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Open Access Highly Accessed Research article

The population approach to falls injury prevention in older people: findings of a two community trial

Rod J McClure1*, Karen Hughes2, Cizao Ren2, Kirsten McKenzie2, Uta Dietrich3, Paul Vardon4, Elizabeth Davis5 and Beth Newman2

Author Affiliations

1 Accident Research Centre, Monash University, Melbourne, Australia

2 Queensland University of Technology, Brisbane, Australia

3 North Coast Area Health Service, Lismore, Australia

4 Queensland Health, Brisbane, Australia

5 Injury Prevention and Control (Australia) Ltd, Brisbane, Australia

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BMC Public Health 2010, 10:79  doi:10.1186/1471-2458-10-79

Published: 19 February 2010

Abstract

Background

There is a sound rationale for the population-based approach to falls injury prevention but there is currently insufficient evidence to advise governments and communities on how they can use population-based strategies to achieve desired reductions in the burden of falls-related injury. The aim of the study was to quantify the effectiveness of a streamlined (and thus potentially sustainable and cost-effective), population-based, multi-factorial falls injury prevention program for people over 60 years of age.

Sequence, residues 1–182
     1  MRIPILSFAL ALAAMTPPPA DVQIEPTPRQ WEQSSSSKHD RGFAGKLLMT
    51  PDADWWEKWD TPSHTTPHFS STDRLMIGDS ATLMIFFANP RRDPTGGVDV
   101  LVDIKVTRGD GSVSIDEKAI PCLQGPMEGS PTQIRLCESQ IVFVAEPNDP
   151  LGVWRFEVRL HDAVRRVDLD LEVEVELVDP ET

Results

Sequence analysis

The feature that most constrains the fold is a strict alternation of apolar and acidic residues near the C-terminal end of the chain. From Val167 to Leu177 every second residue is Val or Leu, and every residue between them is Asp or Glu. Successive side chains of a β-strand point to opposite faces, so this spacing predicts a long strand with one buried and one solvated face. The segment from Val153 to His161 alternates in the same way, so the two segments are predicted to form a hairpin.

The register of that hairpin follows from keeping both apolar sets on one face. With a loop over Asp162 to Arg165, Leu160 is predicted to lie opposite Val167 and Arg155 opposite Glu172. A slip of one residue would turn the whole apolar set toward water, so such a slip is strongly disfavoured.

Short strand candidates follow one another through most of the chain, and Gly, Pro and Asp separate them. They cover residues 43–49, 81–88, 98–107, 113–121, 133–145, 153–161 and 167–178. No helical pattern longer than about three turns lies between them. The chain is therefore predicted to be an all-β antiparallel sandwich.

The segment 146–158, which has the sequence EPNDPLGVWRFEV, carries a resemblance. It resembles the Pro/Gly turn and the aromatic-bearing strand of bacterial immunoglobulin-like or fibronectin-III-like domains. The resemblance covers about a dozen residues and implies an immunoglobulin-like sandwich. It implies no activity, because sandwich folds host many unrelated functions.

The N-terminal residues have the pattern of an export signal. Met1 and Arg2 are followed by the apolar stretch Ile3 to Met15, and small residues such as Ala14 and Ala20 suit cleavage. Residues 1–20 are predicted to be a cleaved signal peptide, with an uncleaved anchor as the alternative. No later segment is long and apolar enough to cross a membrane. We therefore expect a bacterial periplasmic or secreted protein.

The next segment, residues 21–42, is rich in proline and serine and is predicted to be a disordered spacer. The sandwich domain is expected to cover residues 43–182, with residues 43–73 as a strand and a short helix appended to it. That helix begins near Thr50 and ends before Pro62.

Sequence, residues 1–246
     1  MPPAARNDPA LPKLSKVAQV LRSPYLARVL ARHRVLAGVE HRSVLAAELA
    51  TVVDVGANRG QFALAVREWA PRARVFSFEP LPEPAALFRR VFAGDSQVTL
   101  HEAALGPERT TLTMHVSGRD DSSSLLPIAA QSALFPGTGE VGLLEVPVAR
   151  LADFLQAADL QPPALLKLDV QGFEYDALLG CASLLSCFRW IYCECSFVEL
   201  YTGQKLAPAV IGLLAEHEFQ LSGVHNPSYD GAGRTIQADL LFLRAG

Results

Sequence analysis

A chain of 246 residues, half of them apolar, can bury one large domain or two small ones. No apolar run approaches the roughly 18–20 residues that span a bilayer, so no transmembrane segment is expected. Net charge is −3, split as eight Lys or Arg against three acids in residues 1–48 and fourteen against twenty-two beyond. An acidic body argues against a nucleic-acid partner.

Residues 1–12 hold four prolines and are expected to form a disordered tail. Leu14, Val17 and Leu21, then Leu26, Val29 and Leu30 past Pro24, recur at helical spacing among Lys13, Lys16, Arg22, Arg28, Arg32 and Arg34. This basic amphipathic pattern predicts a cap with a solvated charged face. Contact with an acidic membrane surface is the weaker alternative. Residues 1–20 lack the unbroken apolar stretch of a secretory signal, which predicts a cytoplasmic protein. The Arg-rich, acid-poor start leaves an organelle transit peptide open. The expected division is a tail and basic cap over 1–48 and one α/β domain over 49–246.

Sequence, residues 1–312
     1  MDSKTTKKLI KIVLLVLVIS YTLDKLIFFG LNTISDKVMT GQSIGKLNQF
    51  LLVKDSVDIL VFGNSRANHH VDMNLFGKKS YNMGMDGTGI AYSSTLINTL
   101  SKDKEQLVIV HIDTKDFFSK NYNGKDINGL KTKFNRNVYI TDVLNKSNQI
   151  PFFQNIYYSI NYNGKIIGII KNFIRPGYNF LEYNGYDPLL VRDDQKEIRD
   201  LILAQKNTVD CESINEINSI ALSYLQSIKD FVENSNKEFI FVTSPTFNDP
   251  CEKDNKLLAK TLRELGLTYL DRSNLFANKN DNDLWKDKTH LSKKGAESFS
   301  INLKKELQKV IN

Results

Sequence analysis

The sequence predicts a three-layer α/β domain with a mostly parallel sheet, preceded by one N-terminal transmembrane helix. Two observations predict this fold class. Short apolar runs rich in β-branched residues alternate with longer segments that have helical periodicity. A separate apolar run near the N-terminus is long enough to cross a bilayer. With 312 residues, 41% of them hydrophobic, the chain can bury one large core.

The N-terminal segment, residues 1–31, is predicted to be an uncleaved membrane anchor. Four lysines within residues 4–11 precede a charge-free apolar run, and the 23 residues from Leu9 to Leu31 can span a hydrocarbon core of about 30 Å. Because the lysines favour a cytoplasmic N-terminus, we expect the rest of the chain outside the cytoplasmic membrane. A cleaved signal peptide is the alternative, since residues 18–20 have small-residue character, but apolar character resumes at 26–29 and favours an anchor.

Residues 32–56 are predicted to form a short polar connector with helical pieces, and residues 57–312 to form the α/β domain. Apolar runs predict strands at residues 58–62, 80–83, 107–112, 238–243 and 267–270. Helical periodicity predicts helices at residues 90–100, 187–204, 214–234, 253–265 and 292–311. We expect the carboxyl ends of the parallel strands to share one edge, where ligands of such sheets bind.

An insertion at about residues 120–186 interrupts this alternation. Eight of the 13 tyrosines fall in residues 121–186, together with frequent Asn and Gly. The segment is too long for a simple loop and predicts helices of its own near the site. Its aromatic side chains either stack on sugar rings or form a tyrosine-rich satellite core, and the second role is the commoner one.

Methods

Population-based falls-prevention interventions were conducted at two geographically-defined and separate Australian sites: Wide Bay, Queensland, and Northern Rivers, NSW. Changes in the prevalence of key risk factors and changes in rates of injury outcomes within each community were compared before and after program implementation and changes in rates of injury outcomes in each community were also compared with the rates in their respective States.

Results

The interventions in neither community substantially decreased the rate of falls-related injury among people aged 60 years or older, although there was some evidence of reductions in occurrence of multiple falls reported by women. In addition, there was some indication of improvements in fall-related risk factors, but the magnitudes were generally modest.

Conclusions

The evidence suggests that low intensity population-based falls prevention programs may not be as effective as those that are intensively implemented.